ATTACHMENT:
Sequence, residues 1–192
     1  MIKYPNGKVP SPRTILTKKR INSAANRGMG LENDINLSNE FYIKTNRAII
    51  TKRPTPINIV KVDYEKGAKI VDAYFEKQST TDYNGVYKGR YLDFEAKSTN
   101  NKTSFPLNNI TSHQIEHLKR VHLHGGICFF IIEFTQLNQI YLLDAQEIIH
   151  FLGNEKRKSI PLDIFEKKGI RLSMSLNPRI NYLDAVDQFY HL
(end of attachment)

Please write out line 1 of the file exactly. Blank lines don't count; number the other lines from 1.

Sequence, residues 1–192